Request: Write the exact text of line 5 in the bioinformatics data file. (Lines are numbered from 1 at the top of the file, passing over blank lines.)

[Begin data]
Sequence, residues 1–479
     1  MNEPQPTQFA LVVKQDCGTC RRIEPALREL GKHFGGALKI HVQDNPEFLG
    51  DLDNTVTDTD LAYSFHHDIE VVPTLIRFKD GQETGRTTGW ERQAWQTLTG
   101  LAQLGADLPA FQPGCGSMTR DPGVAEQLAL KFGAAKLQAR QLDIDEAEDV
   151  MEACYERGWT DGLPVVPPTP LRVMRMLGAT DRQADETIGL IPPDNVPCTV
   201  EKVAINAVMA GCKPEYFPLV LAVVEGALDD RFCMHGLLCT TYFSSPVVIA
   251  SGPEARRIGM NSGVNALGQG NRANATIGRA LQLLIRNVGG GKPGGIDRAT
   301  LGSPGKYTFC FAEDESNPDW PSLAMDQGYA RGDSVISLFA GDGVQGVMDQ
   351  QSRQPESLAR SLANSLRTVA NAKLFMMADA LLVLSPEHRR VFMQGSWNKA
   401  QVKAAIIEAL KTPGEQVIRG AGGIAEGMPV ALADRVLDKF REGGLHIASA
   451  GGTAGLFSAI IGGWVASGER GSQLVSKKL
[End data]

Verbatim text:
   151  MEACYERGWT DGLPVVPPTP LRVMRMLGAT DRQADETIGL IPPDNVPCTV